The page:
Criminal defendants have the constitutional right to choose between testifying and remaining silent at trial. Within that broad constitutional framework, many legal rules affect the defendant’s decision. Some rules burden testimony and encourage silence, while others burden silence and encourage testimony.
There is no way for the state to be fully neutral between silence and testimony. Any legal rule that affects testifying and nontestifying defendants differently will have the consequence of penalizing one right or the other, and it would be impossible to remove all such rules from the system. Moreover, because testimony and silence are substitutes—a defendant must exercise one right at trial but cannot exercise both—any rule that penalizes one right necessarily rewards the other.
Courts and commentators have too often analyzed the right to testify and the right to remain silent separately. As a result, they have missed the dynamic of offsetting effects. More generally, they have failed to see that labels like “penalty” and “subsidy” are relative terms that can only be measured by reference to some baseline condition. Partly as a result of those analytical failures, American courts have inexplicably struck down rules that raise the relative cost of silence while upholding rules that raise the relative cost of testimony. Taken together, these rulings can only be explained by positing silence as the desired normative baseline from which all departures are measured.
American law, in other words, currently reflects an implicit policy preference for silence over testimony. That preference has never been explained, and it cannot be justified. More testimony by criminal defendants would give the jury access to important additional information, increase defendants’ own sense of the legitimacy of the process, and reduce disparities between rich and poor defendants. Legal rules that raise the relative cost of testimony undermine these critically important goals.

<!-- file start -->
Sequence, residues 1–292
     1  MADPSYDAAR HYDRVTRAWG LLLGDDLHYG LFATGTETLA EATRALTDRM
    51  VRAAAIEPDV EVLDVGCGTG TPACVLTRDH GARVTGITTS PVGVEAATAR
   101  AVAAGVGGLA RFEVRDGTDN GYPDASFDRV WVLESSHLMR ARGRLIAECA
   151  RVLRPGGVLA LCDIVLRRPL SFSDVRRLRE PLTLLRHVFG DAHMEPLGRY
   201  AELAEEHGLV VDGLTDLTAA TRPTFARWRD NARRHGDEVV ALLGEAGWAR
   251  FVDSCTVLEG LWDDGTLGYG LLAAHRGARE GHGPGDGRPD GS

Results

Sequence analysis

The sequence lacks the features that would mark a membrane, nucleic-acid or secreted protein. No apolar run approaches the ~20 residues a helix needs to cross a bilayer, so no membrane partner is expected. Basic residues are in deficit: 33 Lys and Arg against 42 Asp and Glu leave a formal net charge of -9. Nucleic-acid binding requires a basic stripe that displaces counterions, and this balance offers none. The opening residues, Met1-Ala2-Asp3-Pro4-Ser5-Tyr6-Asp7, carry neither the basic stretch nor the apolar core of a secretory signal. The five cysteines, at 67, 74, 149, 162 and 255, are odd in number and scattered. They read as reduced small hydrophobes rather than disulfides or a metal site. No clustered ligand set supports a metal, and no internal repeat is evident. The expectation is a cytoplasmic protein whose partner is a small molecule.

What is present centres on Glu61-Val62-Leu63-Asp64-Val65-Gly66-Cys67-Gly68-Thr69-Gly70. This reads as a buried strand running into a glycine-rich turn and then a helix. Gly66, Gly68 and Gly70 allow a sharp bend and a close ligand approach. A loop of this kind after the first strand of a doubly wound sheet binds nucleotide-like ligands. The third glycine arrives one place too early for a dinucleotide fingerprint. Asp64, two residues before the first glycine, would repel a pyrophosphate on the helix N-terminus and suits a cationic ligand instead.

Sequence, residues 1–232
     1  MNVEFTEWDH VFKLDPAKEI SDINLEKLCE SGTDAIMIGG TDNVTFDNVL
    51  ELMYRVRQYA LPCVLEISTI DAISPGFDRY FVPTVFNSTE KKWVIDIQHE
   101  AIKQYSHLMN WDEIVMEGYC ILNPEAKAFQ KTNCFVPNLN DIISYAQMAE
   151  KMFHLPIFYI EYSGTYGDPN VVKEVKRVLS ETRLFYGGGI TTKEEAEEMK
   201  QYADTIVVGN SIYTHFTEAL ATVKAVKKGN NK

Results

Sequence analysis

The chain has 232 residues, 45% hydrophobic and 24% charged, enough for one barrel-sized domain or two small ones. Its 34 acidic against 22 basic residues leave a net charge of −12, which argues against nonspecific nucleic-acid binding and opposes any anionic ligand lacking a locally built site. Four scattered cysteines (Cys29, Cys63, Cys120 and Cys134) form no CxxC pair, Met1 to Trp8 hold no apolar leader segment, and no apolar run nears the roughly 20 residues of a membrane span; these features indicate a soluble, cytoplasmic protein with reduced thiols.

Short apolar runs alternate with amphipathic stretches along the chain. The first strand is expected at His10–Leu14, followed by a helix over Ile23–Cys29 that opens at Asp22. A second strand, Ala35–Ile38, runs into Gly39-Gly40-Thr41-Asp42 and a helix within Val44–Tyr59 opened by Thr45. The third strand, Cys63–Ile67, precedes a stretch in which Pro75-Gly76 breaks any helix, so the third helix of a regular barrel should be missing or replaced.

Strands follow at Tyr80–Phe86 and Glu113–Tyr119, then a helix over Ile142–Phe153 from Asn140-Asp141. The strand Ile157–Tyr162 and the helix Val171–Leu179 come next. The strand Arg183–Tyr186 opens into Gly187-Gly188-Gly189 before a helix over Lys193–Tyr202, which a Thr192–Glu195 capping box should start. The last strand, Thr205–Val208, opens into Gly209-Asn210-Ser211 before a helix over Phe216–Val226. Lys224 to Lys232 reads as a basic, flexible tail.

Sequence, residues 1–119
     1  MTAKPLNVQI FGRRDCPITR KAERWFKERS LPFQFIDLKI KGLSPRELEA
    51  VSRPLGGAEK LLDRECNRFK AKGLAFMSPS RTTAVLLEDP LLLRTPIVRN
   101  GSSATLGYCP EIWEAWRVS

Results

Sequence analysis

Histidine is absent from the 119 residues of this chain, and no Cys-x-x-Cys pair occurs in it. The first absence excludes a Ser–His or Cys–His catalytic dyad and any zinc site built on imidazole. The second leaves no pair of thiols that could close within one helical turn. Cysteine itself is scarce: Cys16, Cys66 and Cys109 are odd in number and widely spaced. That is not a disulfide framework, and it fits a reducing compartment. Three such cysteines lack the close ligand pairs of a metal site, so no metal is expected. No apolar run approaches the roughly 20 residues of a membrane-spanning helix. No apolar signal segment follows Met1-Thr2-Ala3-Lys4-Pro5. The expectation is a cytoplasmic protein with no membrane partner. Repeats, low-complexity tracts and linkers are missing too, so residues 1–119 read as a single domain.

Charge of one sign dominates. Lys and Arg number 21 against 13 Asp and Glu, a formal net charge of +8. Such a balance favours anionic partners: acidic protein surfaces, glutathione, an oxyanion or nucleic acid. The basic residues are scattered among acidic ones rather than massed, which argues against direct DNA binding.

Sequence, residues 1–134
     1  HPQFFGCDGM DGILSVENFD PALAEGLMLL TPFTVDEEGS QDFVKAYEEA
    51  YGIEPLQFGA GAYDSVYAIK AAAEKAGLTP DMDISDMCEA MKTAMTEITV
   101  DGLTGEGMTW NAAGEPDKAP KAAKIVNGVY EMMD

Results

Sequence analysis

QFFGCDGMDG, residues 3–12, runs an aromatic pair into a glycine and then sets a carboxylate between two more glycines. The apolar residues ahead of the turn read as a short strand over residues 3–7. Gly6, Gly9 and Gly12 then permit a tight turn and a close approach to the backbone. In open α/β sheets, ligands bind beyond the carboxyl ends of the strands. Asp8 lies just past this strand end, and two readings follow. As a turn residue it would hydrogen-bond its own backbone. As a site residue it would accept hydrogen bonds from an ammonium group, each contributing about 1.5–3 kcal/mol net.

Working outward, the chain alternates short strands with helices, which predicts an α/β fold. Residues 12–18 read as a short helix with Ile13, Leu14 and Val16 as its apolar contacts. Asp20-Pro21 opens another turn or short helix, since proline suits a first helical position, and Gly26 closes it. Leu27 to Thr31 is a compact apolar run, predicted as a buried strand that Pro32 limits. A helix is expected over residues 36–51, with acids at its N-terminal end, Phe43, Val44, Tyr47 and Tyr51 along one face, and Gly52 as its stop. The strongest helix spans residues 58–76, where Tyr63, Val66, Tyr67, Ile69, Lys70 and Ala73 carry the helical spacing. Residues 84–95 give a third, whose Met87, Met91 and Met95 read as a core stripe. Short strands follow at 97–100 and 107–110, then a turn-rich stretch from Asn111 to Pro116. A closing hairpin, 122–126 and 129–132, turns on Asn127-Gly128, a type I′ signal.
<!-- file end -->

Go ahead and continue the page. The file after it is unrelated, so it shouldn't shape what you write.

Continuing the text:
Our baseline condition ought to be defined by generally applicable rules of law. To the extent that we depart from such rules, we should depart in a way that encourages more testimony. At a minimum, we should not depart in a way that encourages silence. For the last half century, American law has departed in the wrong direction, and it is time to reverse course.
Toward that end, I propose three reforms. First, as a matter of constitutional criminal procedure, the Supreme Court should overrule Griffin v. California, and should thus allow prosecutors to argue adverse inferences from a defendant’s silence. Second, as a matter of evidence law, courts should abandon the Gordon v. United States test for Rule 609, and should admit fewer prior convictions for impeachment. Third, as a matter of sentencing law, courts should not impose perjury enhancements based on a defendant’s trial testimony. These three reforms would help to put American criminal law back on the right course by making more defendants speak.